It would be well for us to do less cooking and to eat more fruit in its natural state. Let us teach the people to eat freely of the fresh grapes, apples, peaches, pears, berries, and all other kinds of fruit that can be obtained. Let these be prepared for winter use by canning, using glass, as far as possible, instead of tin.
Concerning flesh meat, we should educate the people to let it alone. Its use is contrary to the best development
of the physical, mental, and moral powers. And we should bear a clear testimony against the use of tea and coffee. It is also well to discard rich desserts. Milk, eggs, and butter should not be classed with flesh meat. In some cases the use of eggs is beneficial. The time has not come to say that the use of milk and eggs should be wholly discarded. There are poor families whose diet consists largely of bread and milk. They have little fruit and cannot afford to purchase the nut foods. In teaching health reform, as in all other gospel work, we are to meet the people where they are. Until we can teach them how to prepare health-reform foods that are palatable, nourishing, and yet inexpensive, we are not at liberty to present the most advanced propositions regarding health-reform diet.
Let the diet reform be progressive. Let the people be taught how to prepare food without the use of milk or butter. Tell them that the time will soon come when there will be no safety in using eggs, milk, cream, or butter, because disease in animals is increasing in proportion to the increase of wickedness among men. The time is near when, because of the iniquity of the fallen race, the whole animal creation will groan under the diseases that curse our earth.
God will give His people ability and tact to prepare wholesome food without these things. Let our people discard all unwholesome recipes. Let them learn how to live healthfully, teaching to others what they have learned. Let them impart this knowledge as they would Bible instruction. Let them teach the people to preserve the health and increase the strength by avoiding the large amount of cooking that has filled the world with chronic invalids. By precept and example make it plain that the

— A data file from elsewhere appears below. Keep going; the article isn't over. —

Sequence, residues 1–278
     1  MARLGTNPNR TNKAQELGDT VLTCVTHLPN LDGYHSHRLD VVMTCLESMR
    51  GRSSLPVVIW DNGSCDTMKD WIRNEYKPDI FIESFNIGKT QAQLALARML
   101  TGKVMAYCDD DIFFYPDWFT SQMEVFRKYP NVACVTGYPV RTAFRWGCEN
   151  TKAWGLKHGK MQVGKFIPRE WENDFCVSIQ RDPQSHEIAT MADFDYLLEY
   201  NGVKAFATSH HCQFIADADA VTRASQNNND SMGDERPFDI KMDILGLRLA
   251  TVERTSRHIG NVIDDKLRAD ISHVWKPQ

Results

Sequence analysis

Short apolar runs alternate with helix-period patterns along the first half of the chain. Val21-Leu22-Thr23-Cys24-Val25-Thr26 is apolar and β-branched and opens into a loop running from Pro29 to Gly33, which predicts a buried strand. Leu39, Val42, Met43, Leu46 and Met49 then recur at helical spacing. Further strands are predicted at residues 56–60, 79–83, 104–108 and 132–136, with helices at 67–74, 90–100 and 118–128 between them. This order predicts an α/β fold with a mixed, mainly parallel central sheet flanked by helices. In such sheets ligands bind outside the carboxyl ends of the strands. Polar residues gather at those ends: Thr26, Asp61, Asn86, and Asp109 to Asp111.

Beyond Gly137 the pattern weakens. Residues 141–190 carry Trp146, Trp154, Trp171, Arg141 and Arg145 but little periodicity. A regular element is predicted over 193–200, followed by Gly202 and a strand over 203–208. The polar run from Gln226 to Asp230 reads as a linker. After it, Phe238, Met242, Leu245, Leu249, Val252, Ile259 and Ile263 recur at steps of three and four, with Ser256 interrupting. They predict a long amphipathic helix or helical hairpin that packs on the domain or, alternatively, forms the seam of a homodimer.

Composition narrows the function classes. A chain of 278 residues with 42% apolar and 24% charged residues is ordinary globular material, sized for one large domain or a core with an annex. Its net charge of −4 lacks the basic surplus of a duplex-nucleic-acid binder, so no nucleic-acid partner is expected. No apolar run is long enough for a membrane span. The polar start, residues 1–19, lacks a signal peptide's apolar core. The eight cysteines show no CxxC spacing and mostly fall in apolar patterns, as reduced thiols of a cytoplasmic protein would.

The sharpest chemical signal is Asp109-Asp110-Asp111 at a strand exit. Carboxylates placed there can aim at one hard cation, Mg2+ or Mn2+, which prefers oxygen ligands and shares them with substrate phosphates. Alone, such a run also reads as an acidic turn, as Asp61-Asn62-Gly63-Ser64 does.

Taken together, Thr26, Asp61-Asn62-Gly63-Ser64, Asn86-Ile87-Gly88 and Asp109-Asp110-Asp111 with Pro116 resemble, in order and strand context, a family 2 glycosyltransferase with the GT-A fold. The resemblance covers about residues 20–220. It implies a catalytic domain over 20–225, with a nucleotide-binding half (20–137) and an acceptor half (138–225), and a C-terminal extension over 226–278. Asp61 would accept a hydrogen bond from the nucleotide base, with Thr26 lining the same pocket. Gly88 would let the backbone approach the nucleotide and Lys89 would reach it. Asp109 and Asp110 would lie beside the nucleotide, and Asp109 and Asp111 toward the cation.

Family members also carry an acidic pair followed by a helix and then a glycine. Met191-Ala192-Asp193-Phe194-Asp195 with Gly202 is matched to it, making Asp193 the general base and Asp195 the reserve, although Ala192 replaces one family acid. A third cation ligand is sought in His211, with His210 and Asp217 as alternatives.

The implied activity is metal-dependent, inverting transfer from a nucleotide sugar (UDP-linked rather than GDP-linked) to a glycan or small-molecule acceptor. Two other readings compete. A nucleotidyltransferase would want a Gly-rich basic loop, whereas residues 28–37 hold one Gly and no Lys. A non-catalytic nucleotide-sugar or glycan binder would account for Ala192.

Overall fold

food which God gave Adam in his sinless state is the best for man's use as he seeks to regain that sinless state.
Those who teach the principles of health reform should be intelligent in regard to disease and its causes, understanding that every action of the human agent should be in perfect harmony with the laws of life. The light God has given on health reform is for our salvation and the salvation of the world. Men and women should be informed in regard to the human habitation, fitted up by our Creator as His dwelling place and over which He desires us to be faithful stewards. "For ye are the temple of the living God; as God hath said, I will dwell in them, and walk in them; and I will be their God, and they shall be My people." 2 Corinthians 6:16.
Hold up the principles of health reform, and let the Lord lead the honest in heart. Present the principles of temperance in their most attractive form. Circulate the books that give instruction in regard to healthful living.
The people are in sad need of the light shining from the pages of our health books and journals. God desires to use these books and journals as mediums through which flashes of light shall arrest the attention of the people and cause them to heed the warning of the message of the third angel. Our health journals are instrumentalities in the field to do a special work in disseminating the light that the inhabitants of the world must have in this day of God's preparation. They wield an untold influence in the interests of health and temperance and social-purity reform, and will accomplish great good in presenting these subjects in a proper manner and in their true light to the people.